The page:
Sparks: What, to your mind, is one of the biggest challenges facing the industry at this time?
RM: Technically, we are faced with capacity constraints and, as a country, we still have a huge backlog of new customers who have to be connected to the grid. There is still a need for utilities to integrate renewable energy and the grid. Electricity supply is a major source of revenue and, if utilities are not ready to deal with this integration, there will be long term challenges ahead for those utilities.
Gender equity and the empowerment of women are still challenges and we are working to ensure that we nurture and develop a rich pool of skilled women to bridge the gap.
Sparks: What do you enjoy most about your job?
RM: What fascinates me is that I get to do the things I enjoy the most: standardising and rationalising technical specifications and annual contracts for the procurement of cost-effective electrical equipment for the construction; as well as maintenance and safe operation of the electricity distribution infrastructure in the City of Tshwane. I’m also involved in the development of standards, monitoring and research on new technologies in the industry; contract management; and compliance. I enjoy representing City of Tshwane within associations such as AMEU; WIE; the Power Institute for East and Southern Africa (PIESA); and the South African Bureau of Standards (SABS) and working closely with internal and external stakeholders.
Sparks: How do you motivate your staff?
RM: I ensure that everyone takes responsibility for their work and I include them in decision-making processes. Because I’m task-driven, I set targets and deadlines that allow them to ‘spread their wings’. I try to equip each person so they can perform optimally.
Sparks: If you could ‘do it all again’, would you change anything? If so, what would that be?
RM: I wouldn’t change anything. I believe that everything happens for a reason and believe that I am where God has purposed me to be.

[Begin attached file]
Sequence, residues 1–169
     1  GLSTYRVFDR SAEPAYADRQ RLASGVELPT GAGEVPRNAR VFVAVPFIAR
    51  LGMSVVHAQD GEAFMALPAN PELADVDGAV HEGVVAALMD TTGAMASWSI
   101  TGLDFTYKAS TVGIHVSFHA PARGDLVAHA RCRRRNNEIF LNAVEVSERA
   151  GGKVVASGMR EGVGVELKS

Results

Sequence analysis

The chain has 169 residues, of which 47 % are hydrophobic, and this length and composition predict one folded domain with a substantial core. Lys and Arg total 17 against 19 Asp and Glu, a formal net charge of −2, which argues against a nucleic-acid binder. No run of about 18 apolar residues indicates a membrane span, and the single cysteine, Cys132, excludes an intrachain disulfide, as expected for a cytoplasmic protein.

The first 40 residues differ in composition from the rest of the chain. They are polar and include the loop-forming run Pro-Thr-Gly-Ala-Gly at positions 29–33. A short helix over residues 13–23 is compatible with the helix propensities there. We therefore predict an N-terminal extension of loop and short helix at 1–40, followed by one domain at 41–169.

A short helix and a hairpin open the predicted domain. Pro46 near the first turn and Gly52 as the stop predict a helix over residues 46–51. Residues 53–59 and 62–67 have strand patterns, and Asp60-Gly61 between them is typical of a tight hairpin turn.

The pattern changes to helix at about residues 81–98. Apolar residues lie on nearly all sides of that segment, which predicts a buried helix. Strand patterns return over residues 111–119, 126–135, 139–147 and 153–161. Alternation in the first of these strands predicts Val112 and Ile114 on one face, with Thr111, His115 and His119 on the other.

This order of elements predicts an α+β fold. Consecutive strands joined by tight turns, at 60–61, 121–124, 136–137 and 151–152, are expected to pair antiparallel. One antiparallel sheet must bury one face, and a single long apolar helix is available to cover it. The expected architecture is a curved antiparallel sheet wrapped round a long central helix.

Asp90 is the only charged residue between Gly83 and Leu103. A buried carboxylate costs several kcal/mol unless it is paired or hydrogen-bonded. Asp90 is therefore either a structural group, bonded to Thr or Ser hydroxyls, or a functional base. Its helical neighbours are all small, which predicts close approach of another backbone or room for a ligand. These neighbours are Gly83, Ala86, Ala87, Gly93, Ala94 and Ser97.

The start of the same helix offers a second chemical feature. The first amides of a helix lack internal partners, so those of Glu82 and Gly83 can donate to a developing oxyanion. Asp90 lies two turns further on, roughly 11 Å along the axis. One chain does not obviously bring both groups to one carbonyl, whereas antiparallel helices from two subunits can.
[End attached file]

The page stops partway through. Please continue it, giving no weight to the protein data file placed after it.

Sparks: Would you advise a person leaving school to enter the electrical industry? And why?
RM: Yes, I would. Electricity is a technology that never stops advancing, never stops evolving and never stops generating. I would urge them to work hard and do well, knock on those doors, and find mentors who will guide them. We have already begun the process of carving the way to make it easier to enter the electrical industry – especially for young women – and we will continue to do so.
Sparks: What is your advice to electrical contractors and/or electrical engineers?
RM: Electrical contractors should invest in the right skills and resources to ensure that they deliver a first-class service and earn a good reputation. Electrical engineers should familiarise themselves with standards and policies and keep up-to-date with new technologies.
Sparks: What is your favourite quote?
RM: “Take it upon yourself – where you live – to make people around you joyful and full of hope.” - Nelson Mandela.
Sparks: Name three things on your ‘bucket list’ (things you want to do before you ‘kick the bucket’).
RM: My bucket list is long but the first three that will come under consideration in the near future are: do an ironman triathlon; climb Mount Kilimanjaro; and become a motivational speaker.